For decades, millions of dollars in coalbed methane gas royalties have been piling up in a state fund rather than being paid out to southwest Virginia residents who own the land where the resource was tapped.
There had been lawsuits and failed legislative attempts to open the account, set up in 1990 and now worth about $29 million. McAuliffe vowed while running for governor in 2013 that he would put the money in landowners' hands.
"As governor, I will make it a priority to ensure that the millions of dollars in gas royalties currently sitting in escrow are paid out to the landowners who are owed that money," McAuliffe wrote in an Oct. 30, 2013 op-ed in Politico.
The promise focused on a dispute between landowners and energy companies that had obtained rights to extract coal from the properties. The mining releases methane gas trapped within the coal seams. Methane was long regarded as an explosive gas that had to be vented from mines for safety. But in recent decades, it has been regarded as a valuable energy source should be captured.
At issue has been who owns the methane rights: the landowners or the energy companies? The Bristol Herald Courier won a Pulitzer Prize in 2010 for its investigative reporting on the fight.
The General Assembly passed a bill this winter saying the gas belongs to the landowners unless the coal companies could prove otherwise. McAuliffe signed the law, which goes into effect on July 1.
Under the law, gas companies have until Jan. 1, 2016 to ask the Virginia Oil and Gas Board to pay landowners royalties. The panel must pay the claim within 45 days, unless it's disputed by anyone with an ownership interest in the coal bed.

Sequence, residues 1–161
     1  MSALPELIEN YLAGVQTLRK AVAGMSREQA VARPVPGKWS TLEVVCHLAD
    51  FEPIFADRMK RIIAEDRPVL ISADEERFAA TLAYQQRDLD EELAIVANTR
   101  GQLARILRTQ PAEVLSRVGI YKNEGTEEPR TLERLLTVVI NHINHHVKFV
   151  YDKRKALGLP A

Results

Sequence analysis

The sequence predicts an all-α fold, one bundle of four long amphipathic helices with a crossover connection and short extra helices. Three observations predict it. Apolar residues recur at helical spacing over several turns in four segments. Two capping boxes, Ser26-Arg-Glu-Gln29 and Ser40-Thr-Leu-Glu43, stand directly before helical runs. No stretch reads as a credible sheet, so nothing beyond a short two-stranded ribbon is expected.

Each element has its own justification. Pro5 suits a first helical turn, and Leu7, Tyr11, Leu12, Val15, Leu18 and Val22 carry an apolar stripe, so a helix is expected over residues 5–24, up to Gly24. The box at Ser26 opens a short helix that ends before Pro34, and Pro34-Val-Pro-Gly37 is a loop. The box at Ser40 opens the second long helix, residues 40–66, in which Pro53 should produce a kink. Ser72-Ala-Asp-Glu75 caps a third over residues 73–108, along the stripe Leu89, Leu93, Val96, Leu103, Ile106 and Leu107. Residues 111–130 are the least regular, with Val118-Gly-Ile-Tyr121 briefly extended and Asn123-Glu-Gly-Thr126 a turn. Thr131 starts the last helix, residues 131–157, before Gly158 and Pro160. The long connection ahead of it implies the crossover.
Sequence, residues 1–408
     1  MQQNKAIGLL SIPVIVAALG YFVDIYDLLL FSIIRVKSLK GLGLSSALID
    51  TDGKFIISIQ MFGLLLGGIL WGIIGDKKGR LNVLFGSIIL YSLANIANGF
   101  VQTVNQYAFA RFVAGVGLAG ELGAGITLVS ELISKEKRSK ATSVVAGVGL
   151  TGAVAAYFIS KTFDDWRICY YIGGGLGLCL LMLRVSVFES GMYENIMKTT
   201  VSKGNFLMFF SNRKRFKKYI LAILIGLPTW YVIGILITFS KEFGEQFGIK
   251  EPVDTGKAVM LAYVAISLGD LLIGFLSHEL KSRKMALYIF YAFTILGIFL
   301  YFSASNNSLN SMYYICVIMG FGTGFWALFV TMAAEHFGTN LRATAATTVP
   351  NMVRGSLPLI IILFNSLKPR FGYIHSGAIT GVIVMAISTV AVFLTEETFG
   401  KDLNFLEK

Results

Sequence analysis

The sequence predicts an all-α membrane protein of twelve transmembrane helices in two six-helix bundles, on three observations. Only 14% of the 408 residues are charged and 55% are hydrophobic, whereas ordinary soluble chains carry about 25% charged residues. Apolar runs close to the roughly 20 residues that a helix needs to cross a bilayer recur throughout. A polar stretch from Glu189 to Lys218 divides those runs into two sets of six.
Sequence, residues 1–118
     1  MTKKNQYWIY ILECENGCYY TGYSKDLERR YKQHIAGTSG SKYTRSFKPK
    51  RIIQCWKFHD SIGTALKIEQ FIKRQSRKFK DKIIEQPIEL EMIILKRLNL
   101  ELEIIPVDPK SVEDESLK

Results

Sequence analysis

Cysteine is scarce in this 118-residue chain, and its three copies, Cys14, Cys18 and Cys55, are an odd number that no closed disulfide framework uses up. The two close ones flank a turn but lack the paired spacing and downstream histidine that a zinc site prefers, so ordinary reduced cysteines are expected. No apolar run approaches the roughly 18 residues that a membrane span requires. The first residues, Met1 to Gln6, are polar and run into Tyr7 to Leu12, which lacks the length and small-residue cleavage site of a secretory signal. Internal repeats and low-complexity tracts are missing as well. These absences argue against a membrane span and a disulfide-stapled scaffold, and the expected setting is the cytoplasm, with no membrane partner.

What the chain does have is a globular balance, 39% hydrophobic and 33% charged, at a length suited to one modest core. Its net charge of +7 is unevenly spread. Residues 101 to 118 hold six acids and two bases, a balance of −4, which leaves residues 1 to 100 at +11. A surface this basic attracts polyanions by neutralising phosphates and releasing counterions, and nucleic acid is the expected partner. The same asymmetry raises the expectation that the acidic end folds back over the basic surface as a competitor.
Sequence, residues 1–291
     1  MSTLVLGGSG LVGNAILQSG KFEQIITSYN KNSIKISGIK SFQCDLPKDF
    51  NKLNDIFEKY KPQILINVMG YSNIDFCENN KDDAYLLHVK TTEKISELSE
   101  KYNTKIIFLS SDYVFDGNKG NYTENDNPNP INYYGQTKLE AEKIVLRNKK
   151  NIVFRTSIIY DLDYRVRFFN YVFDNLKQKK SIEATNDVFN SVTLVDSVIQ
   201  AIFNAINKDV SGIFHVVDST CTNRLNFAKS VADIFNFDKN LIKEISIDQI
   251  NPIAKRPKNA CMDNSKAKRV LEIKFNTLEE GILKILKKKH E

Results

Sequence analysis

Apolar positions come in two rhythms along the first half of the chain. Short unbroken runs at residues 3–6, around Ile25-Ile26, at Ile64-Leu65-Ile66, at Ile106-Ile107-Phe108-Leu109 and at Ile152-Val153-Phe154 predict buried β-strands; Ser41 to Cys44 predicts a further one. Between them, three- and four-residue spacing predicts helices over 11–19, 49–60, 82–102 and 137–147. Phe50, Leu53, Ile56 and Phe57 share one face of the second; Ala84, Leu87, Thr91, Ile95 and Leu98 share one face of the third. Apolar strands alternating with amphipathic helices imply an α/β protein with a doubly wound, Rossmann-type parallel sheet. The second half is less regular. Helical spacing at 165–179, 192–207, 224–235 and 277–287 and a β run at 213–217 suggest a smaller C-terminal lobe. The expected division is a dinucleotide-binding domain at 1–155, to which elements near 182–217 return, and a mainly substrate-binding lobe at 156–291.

Attorney General Mark Herring, whose office was involved in negotiations with coal companies, landowners and the state over the bill, recently said the "majority" of the $29 million escrow account should be paid to property owners by the end of the year.
The new law does not halt lawsuits filed by landowners accusing the energy companies of undercounting the value of the gas extracted and not paying enough into the fund.
"The priority was to get this money out of the escrow account and into the hands of the landowners," said Brian Coy, a spokesman for McAuliffe. "But it was important to preserve their rights to pursue additional funds if they find that's necessary."
So McAuliffe has made substantial progress on his vow, and the checks should be in the mail later this year. We'll let you know when they arrive.
Until then, we rate this promise "In the Works."
Terry McAuliffe's op-ed in Politico, "Why I'm running for governor," Oct. 30, 2013.
Interview with Brian Coy, spokesman for Gov. Terry McAuliffe, April 8, 2015.
Attorney General Mark Herring, "Southwest Virginia landowners to receive millions in royalty payments," April 1, 2015.
Emails from Michael Kelly, spokesman for Attorney General Mark Herring, April 9-10, 2015.
Interview with Michael Kelly, April 9, 2015.
Interview with Tarah Kesterson, public relations manager at the Virginia Department of Mines Minerals and Energy, April 10, 2015.
Legislative Information System, HB 2508, March 23, 2015.
Bristol Herald Courier, "Part 1: The money prison," Dec. 6, 2009.
Bristol Herald Courier, "Part 2: No right of refusal," Dec. 7, 2009.
Bristol Herald Courier, "AG: New Law frees up gas royalties for Southwest Virginia landowners," April 1, 2015.
Bristol Herald Courier, "Legislators looking into escrow solutions," Dec. 27, 2009.
Bristol Herald Courier, "Part 4: The coal industry fights back," Dec. 9, 2009.
Bristol Herald Courier, "Kilgore's bill gets approval in Virginia's General Assembly," March 2, 2015.
Bristol Herald Courier, "House subcommittee kills Kilgore's gas royalties bill," Jan. 24, 2014.
Media General News Service, "Lawsuits accuse gas companies of stealing coalbed methane," June 15, 2010.
World Coal Association, "What is coal seam gas?", assessed April 10, 2015.
Legislative Information System, House Joint Resolution No. 121 from the 2010 General Assembly, Jan. 13, 2010.